Luke 1:5-7 “In the time of Herod king of Judea there was a priest named Zechariah who belonged to the priestly division of Abijah; his wife Elizabeth was also a descendant of Aaron. Both of them were upright in the sight of God, observing all the Lord’s commandments and regulations blamelessly. But they had no children, because Elizabeth was barren; and they were both well along in years.”
Zechariah and Elizabeth were a couple who didn’t fit into the mainstream of Jewish society. Zechariah had a respectable job as a priest, but there was this matter of children. They didn’t have any. Unlike our day, when couples actually choose childlessness, having no children was universally considered a curse. It was thought by some to be grounds for suspicion of bad morals. “Surely they must have offended God in some way to be denied the gift of children.” Perhaps this couple wasn’t shunned, but they must have encountered situations in which they felt like outsiders.
Then there was the matter of age. Zechariah and Elizabeth lived at a time when people gave the elderly more respect than in our own. But their advanced age made it highly unlikely their family situation would change. It also made them unlikely candidates for special service to God, from a human point of view. Vigorous service to the Lord, a prime role in the work of his kingdom, may seem more appropriate for the young and energetic. Zechariah and Elizabeth had reached the age when many expect to pull back, slow down, and take things easy.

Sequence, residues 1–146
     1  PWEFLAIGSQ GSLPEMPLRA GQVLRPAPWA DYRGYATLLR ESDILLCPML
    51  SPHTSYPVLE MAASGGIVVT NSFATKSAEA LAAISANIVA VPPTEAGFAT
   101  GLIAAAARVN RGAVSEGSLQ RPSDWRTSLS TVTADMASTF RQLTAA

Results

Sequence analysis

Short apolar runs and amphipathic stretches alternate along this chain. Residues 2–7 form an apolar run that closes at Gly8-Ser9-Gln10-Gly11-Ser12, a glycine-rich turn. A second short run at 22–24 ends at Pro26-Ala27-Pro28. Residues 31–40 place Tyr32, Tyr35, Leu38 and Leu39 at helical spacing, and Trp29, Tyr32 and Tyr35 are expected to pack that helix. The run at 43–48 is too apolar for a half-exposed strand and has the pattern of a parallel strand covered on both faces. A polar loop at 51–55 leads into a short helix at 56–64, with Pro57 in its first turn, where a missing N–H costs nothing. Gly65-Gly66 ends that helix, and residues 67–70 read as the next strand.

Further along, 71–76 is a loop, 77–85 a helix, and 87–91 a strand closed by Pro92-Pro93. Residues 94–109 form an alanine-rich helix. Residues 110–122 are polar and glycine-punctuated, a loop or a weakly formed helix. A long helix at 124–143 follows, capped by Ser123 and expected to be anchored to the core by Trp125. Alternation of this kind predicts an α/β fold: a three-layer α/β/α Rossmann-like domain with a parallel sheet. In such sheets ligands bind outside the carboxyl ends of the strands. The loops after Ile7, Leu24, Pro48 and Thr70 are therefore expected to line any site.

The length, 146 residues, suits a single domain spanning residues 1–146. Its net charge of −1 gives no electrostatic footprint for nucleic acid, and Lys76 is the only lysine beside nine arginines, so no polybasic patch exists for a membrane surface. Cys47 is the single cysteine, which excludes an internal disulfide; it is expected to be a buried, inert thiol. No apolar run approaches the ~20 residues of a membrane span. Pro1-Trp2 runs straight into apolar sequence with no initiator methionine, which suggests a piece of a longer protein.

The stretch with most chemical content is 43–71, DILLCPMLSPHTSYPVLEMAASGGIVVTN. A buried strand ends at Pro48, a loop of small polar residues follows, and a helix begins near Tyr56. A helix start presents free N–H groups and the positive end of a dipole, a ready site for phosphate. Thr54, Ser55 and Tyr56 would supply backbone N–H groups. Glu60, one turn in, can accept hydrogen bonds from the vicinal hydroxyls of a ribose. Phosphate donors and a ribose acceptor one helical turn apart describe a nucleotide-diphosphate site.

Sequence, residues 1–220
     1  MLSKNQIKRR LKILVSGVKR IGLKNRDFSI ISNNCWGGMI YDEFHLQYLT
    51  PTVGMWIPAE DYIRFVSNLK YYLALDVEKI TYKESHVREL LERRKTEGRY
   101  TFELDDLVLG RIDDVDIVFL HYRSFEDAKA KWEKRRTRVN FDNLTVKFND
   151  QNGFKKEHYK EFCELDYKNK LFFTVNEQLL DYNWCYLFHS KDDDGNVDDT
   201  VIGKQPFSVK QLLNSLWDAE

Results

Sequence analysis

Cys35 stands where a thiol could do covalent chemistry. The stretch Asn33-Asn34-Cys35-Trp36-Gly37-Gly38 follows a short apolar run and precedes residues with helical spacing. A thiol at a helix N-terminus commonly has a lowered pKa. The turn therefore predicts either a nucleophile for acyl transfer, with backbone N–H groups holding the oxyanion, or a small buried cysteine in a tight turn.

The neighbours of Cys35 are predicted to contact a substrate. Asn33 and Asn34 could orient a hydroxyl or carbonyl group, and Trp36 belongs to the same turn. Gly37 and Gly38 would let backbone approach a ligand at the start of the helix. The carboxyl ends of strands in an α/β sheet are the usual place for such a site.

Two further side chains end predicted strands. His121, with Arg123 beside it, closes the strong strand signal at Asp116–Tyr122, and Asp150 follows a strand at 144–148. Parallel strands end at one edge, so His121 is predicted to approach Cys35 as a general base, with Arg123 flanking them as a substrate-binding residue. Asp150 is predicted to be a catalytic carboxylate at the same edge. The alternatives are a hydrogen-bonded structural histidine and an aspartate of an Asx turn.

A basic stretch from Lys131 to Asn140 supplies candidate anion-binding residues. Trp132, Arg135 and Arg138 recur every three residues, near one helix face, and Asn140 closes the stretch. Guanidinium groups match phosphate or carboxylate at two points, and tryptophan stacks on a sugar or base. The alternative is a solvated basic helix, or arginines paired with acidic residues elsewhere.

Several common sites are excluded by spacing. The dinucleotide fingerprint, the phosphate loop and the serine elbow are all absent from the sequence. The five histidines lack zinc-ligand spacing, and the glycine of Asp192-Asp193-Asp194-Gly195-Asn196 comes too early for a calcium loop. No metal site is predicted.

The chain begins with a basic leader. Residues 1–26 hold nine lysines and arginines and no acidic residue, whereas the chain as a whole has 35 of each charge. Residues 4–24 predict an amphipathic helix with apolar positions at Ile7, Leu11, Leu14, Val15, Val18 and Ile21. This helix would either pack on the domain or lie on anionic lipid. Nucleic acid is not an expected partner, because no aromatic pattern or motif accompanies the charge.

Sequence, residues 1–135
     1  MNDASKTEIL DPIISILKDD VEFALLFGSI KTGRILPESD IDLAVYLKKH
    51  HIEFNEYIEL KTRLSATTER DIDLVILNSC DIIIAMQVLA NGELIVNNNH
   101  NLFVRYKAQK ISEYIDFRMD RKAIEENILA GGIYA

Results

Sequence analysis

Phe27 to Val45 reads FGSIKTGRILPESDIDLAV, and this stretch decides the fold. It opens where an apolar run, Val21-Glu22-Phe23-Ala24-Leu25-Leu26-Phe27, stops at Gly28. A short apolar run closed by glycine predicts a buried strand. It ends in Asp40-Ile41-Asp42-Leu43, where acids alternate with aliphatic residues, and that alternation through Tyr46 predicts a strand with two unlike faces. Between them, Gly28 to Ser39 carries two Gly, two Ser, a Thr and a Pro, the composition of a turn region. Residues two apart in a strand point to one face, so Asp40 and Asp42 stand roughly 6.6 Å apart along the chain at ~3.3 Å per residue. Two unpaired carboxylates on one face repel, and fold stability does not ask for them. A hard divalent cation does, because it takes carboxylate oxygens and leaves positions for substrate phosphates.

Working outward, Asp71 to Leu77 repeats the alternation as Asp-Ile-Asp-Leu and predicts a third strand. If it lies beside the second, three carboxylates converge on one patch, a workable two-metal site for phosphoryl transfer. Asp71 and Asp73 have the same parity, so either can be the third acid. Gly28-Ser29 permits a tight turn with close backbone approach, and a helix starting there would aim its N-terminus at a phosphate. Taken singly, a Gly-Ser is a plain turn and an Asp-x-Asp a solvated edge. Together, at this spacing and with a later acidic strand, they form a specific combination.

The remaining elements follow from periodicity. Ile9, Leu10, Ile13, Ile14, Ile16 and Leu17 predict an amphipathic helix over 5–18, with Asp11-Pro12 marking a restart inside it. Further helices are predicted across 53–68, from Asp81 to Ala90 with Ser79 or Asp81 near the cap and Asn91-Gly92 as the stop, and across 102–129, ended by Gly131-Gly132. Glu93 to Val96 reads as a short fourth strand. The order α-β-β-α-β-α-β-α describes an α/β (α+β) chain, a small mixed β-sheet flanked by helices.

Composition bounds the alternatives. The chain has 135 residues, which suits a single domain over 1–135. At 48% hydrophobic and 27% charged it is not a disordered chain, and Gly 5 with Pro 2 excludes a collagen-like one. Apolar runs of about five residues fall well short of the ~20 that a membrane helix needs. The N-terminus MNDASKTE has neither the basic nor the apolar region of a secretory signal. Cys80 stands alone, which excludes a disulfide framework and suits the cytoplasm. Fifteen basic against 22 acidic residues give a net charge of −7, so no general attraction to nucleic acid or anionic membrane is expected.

None of that mattered to God. The only relevant piece of information to him was this: “Both of them were upright in the sight of God, observing all the Lord’s commandments and regulations blamelessly.” That is not the same thing as saying they were perfect. They were sinners saved by God’s grace, like the rest of us. It is rather evidence that they had sincere faith in God and demonstrated that faith by a life that sought to follow his will. God chose this faithful couple to become the parents of the greatest prophet who ever lived. They became God’s unexpected servants in preparing for the Savior to come.
We can learn a couple of things from the Lord’s choice. We may consider certain people suspect because they do not fit the accepted cultural or social mold for a Christian. I’m not referring to issues of biblical faith or morals. Those are standards we must defend vigorously and promote aggressively.
Rather, we become guilty of marginalizing people, moving them off to the fringes of congregational life and service, because they aren’t like most of us in ways that have nothing to do with biblical standards–the elderly, the single, people with disabilities, those who have low incomes. God doesn’t discount them from serving him on these grounds. Zechariah and Elizabeth, like other senior citizens mentioned in the Bible, teach us not to overlook people for service just because the hair is turning gray.
At the same time, God’s choice here encourages us. We may not see ourselves as big players on the grand stage of history. I’m sure Zechariah and Elizabeth never imagined they would rise from obscurity to play a part in God’s plan to save the world and have their names recorded on the pages of Scripture.
But just as God’s grace rescues sinners who have done nothing to deserve his favor, it chooses servants who have done nothing to suggest they are qualified for his missions. Don’t discount the Lord’s ability to use you. He saved you. Who knows what grand adventures in faith he may have planned for any one of his faithful people?